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Welcome to the website of Lesley Blanch, MBE, FRSL (1904 – 2007), author of The Wilder Shores of Love; historian, journalist and travel writer.

A scholarly romantic, Lesley Blanch influenced and inspired generations of writers, readers and critics. Her first book, The Wilder Shores of Love — the stories of four ninteenth-century women sought in the East the adventures and emotions which were rapidly disappearing from the industrialised West — pioneered a new kind of group biography focusing on women escaping the boredom of convention. An instant classic, it has remained in print in English since first publication in 1954. Lesley Blanch was ahead of her time and prescient in the way she attempted to bridge West and East.

Savvy, self-possessed and talented, Blanch did what she wanted and earned a good living at a time when women were expected to stay at home and be subservient to the needs of husband and children. She was glamorous and stylish and, in her own unique way, distinctly powerful.

She knew something of the Middle East as it once was, before conflict and turmoil became the essence of relations between the Arab World and the West. The places she travelled to and which obsessed her are still newsworthy today: Russia, The Balkans, The Middle East, Turkey, Afghanistan.

Her memoirs, On the Wilder Shores of Love: A Bohemian Life are published by Virago and under the title Croquis d’une vie de bohème by La Table Ronde in France. This book is the culmination of the work started by Lesley Blanch and her god-daughter and literary executor, editor Georgia de Chamberet.

JOE BOYD, THE GUARDIAN: “There is something of a cult around Lesley Blanch. Philip Mansel, author of Constantinople and other works of historical scholarship, calls her ‘not a school, a trend, or a fashion, but a true original’.”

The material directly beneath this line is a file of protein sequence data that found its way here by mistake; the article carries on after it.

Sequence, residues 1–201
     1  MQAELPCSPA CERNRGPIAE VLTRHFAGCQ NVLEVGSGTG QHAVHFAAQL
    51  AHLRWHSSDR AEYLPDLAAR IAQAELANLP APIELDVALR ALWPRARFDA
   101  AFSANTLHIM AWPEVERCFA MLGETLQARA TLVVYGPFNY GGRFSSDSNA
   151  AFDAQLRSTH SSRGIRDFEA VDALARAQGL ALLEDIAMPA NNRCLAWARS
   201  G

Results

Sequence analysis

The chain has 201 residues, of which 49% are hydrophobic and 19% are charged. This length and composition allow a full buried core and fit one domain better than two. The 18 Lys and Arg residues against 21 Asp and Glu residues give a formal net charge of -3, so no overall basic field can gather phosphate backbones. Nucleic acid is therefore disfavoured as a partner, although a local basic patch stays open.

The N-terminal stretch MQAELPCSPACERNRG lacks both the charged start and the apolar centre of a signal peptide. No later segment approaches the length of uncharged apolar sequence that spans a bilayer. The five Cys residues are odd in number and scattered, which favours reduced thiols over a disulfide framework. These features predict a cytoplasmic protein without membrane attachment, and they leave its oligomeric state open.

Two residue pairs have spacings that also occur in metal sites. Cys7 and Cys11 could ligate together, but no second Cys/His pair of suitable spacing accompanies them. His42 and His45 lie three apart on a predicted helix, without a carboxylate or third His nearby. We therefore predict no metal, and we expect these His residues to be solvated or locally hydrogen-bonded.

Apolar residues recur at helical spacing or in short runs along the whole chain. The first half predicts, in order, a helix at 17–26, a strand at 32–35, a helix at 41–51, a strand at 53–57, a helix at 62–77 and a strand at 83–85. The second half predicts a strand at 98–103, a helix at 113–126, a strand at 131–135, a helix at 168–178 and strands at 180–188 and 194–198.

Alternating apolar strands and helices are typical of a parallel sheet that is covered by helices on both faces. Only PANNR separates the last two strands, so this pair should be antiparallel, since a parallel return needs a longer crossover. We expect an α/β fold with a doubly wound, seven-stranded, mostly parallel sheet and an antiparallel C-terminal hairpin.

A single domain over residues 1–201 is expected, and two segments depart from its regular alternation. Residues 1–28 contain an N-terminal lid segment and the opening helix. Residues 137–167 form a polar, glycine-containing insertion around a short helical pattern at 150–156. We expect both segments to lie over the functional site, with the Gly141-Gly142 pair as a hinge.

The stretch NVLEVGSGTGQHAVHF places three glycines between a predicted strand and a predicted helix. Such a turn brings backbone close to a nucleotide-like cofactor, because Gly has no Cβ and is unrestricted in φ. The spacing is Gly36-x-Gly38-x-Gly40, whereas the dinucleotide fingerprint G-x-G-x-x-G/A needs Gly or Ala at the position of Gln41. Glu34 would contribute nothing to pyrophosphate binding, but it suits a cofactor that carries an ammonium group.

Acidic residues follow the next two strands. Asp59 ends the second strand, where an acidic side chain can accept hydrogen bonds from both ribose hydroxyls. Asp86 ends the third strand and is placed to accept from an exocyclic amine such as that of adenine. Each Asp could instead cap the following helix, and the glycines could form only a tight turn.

Twenty Minutes, BBC Radio 3, February 2007. Lesley Blanch talks to Teresa Cherfas about her love of Russia and of the mysterious family friend whom she referred to as The Traveller. Although to some it may seem that Blanch excelled in magnifying her own peculiarities to become larger than life, even mythic, she was always true to herself. Her private life was so inaccessible as to be virtually unimaginable. Blanch gave this interview the day after coming out of hospital. She died four months later.

Arriving at the front gate of Lesley Blanch’s home on the French Riviera, steps wound upwards through a green tunnel of leaves, ascending to a dreamlike inner sanctum. The terraced garden was like an extension of the house, with outside rooms for different times of day. She lived amidst a harmonious assembly of esoteric objects from distant corners of the earth, and was admired by her friends for her decorative flair. She juxtaposed a quirky mix of objects found somewhere out of the ordinary. Her rooms vibrated with “bargains and insane extravagances — a traveller’s haul” of the rich and the strange.

PHILIP MANSEL, LE FIGARO LITTÉRAIRE: “With the death of Lesley Blanch, age 103, England and France have lost one of their last links connecting them to White-Russian Paris, Free-French London, and many other lost worlds. Her friends would leave her Ottoman-style eyrie in Menton invigorated and inspired. The subjects of her conversation were well beyond the conventional boundaries of time, space, nationality and fashion. I often went to see her, attracted by her warm personality and colourful, cosmopolitan past. With a unique turn of phrase, she would talk equally passionately about film stars, racism, Arab culture, or the Mitford sisters.”

Lesley Blanch stayed open to all that life had to offer, and new ideas, to the day she died. The core content of this website was created with her cooperation, and is as it was when it first went live in 2006.